Echo Lakes with the water taxi gets you to Aloha pretty quickly, although climbing that blasted granite trail can be brutal on the feet of newbies. That's a hard first 2 hours if you've never packed before, but you do top out and the hard part's over in a couple of hours; Haypress Meadows is gentle on the feet after the initial climb is over. You could do a mini-loop, going by Lake of the Woods on the way in or out and taking the other trail for the other leg. You can day hike around the area during the down time. Alternately, it's possible to make a loop by going to Heather, Susie, Glen Alpine, then back to Echo via the Angora Trail. If that initial climb is too hard, you can just go to the interlaken of Ralston and Tamarack on the first night.

If you can hitch or take 2 vehicles there are a couple of more routes that start at Echo. You could do Echo, Aloha, Susie, Gilmore, climb Mt. Tallac for an amazing view of Lake Tahoe, then go out at Glen Alpine. You also could do Echo, Aloha, Susie, Gilmore, Tallac, Dick's Pass to Dick's Lake, Fontinillis, Upper Velma, and then out at either Eagle Falls or at Bayview.

Don't hesitate to ask for more details.
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Re: Trip Advice: July 2-5 with Beginners

Postby tim » Thu Apr 23, 2015 3:47 pm

Yes, Aloha has been my go to location for beginners (I've done 4 trips there now, including this week). The only thing that's lacking is the ability to have a fire. The southern end of the lake has good campspots and the hike across the open granite to swim at Waca Lake is a great day hike option. I have no idea if they are unable to run the water taxi in drought years (at the moment the water level is too low to get to the second lake) but even without that the ~6 mile hike is pretty easy (and when there's no water taxi it keeps the number of day hikers down).

Another option (that was good with my kids when they were small) is Cathedral Lakes to Sunrise Lakes in Yosemite, using the shuttle to get you back to your car, but you probably won't get a permit for July at this point in time, unless you take a backdoor route (e.g. making a loop by going through Glen Aulin/Murphy Creek/May Lake) or get there early and take a chance on a walk-up permit. Porcupine Creek (for North Dome) is also a good Yosemite trailhead for short hikes that usually has availability because most people do North Dome as a day hike. You can camp at Indian Ridge and day hike to North Dome from there and then go over to Yosemite Falls for another night. But I'm not sure how reliable the water sources will be near Indian Ridge this year.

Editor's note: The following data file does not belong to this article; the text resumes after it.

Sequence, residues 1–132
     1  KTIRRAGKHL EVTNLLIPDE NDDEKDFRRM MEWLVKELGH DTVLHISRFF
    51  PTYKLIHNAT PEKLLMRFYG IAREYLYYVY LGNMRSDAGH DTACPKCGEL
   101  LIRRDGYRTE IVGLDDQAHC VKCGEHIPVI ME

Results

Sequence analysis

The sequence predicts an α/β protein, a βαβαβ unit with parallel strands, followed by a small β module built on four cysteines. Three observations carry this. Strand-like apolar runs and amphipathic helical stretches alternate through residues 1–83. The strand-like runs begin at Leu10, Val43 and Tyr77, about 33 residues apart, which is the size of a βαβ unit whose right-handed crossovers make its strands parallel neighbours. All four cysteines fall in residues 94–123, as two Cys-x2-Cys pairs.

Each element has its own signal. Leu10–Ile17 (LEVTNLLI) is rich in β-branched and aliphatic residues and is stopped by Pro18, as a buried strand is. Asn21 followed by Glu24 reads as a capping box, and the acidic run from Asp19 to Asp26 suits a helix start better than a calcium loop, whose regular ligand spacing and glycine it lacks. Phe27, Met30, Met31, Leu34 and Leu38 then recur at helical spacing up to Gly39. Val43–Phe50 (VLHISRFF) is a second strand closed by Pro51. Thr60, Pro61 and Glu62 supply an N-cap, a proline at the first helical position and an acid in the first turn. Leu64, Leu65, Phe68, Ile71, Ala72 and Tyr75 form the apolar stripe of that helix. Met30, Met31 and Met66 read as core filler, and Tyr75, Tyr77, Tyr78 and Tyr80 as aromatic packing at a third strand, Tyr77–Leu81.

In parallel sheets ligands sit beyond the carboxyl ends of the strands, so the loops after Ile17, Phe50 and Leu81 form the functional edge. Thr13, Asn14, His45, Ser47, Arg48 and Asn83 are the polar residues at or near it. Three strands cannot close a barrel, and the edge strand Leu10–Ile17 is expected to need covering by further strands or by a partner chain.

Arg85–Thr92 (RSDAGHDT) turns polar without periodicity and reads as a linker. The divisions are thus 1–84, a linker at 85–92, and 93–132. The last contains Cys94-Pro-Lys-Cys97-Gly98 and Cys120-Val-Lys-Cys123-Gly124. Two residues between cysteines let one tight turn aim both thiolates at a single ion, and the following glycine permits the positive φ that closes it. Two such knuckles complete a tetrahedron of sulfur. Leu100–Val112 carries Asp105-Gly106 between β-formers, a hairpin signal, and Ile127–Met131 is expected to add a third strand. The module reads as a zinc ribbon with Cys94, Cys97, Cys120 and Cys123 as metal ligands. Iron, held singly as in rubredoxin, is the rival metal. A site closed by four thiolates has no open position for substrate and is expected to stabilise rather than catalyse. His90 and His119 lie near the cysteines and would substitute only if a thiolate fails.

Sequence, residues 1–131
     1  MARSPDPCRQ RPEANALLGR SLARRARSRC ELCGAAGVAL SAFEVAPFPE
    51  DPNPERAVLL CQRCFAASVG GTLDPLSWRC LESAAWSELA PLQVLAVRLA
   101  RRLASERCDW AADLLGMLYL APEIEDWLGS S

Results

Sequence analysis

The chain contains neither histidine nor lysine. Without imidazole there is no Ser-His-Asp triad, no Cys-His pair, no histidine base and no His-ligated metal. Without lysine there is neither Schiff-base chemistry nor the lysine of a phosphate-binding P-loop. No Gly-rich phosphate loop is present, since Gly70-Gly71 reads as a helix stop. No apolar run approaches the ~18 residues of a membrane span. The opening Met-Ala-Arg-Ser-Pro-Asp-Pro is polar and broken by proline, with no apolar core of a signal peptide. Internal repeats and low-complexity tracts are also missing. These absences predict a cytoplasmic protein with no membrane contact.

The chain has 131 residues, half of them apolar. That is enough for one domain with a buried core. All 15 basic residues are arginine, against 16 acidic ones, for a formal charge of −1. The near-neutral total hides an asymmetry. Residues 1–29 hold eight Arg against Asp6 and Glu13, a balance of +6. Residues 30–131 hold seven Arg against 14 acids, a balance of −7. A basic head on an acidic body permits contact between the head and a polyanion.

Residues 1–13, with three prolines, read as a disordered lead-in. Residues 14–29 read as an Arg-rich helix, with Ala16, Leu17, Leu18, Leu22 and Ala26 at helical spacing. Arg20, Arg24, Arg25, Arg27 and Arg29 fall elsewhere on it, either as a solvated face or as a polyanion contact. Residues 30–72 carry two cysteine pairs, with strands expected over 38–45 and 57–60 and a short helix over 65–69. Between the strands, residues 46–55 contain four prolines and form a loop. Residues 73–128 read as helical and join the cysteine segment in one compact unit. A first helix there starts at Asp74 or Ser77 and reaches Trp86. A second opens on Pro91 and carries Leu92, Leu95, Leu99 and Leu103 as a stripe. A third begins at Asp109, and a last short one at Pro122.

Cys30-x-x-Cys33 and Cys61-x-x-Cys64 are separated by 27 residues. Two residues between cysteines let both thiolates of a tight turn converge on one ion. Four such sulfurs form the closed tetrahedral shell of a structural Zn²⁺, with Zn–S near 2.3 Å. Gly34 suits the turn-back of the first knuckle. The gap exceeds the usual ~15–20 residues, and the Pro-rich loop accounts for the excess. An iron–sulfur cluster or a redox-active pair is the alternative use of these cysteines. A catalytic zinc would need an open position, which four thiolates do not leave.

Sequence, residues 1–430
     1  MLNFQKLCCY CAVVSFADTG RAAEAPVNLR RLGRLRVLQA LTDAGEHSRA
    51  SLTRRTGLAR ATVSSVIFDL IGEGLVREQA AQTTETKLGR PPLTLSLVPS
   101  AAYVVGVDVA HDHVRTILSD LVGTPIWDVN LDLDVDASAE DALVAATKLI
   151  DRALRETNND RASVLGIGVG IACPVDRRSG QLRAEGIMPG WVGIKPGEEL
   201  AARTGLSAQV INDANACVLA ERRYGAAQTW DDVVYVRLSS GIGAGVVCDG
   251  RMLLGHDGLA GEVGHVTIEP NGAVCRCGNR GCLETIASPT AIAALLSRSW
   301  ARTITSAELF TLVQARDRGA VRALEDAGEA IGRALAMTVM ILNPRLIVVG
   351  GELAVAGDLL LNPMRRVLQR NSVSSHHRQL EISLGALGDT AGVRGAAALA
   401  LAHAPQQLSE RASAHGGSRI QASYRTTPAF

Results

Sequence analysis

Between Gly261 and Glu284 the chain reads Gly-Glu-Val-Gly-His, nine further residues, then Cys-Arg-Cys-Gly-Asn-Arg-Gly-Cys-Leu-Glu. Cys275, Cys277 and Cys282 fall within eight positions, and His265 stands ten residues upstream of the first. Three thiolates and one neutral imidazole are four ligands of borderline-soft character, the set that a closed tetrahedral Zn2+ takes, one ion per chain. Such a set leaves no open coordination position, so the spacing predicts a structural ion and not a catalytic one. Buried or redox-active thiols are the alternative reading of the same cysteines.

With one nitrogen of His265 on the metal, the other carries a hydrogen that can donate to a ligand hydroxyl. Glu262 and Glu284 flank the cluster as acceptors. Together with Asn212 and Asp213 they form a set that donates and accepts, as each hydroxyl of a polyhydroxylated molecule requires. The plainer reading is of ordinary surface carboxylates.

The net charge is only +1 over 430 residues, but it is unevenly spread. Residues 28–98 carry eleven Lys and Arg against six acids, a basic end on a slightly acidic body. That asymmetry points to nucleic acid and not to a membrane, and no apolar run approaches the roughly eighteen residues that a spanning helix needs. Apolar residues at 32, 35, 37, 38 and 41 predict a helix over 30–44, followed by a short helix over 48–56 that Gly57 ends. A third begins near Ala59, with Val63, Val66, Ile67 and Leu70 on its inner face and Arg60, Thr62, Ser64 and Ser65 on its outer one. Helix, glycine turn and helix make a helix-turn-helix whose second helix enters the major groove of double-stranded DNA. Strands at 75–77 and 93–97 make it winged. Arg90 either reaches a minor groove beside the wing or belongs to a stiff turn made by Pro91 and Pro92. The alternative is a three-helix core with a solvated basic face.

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Re: Trip Advice: July 2-5 with Beginners

Postby SSSdave » Thu Apr 23, 2015 4:47 pm

Aloha Lake might impress people when its full but because it isn't a natural lake at all and rather is a reservoir with a dam, in a droughty year like this you will see a bathtub ring with water levels far below usual levels. And that shows right now if you look at a satellite image.

Much better choices even at Desolation. Island Lake is one. WD's suggestion in the Ritter Range is much better though is more than your 4 hours to drive to. It is guaranteed to impress max and make you the hero. Generally to see what makes the High Sierra famous one needs to at least be as far south as Yosemite and if one has only 3 days to hike out, that pretty much eliminates most everything on western Sierra slopes outside the Tuolumne Meadows area because the spectacular Sierra Crest areas are much further. TM would have permit issues. Thus with just 3 days, far better to bite the bullet and access the Sierra from the East side but then your drive is longer.
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Re: Trip Advice: July 2-5 with Beginners

Postby wildhiker » Fri Apr 24, 2015 12:18 am

Another option in Desolation Wilderness if you can do a short car shuttle is to leave a car at the Bayview Trailhead on the southeast side of Emerald Bay on the west side of Lake Tahoe, then drive a few miles north to Meeks Bay. Hike up the creek there to Crag Lake, then up the chain of lakes to Phipps Pass and down to the PCT which you take to the Velma Lakes, Fontanillis Lake, and Dicks Lake (all very alpine granite), and then the side trail back down to your car over Maggies Peaks with some spectacular views of Lake Tahoe and Emerald Bay from above. I would imagine this would all be open in this drought year, but I don't know what the mosquito situation will be in early July. The nice thing about Desolation Wilderness is that you can reserve your permits all on-line and see how many spots are left for each camping zone. The bad part is that it is heavily used, although the first half of the trip I described is lesser used.

Personally, from the Bay Area (where I live), I would take visitor who want to see big mountains and the true alpine high country to Yosemite National Park. IF you can get a permit, you can do the John Muir Trail or nearby route from Tenaya Lake or Tuolumne Meadows down to the Valley and climb over the top of Clouds Rest or Half Dome (or both) on the way. You can drive to the Valley and take either the concessionaire bus (early morning) or YARTS bus (late afternoon) up to Tenaya Lake or Tuolumne Meadows. Then it is mostly downhill back to the Valley. Very crowded, but also extremely scenic.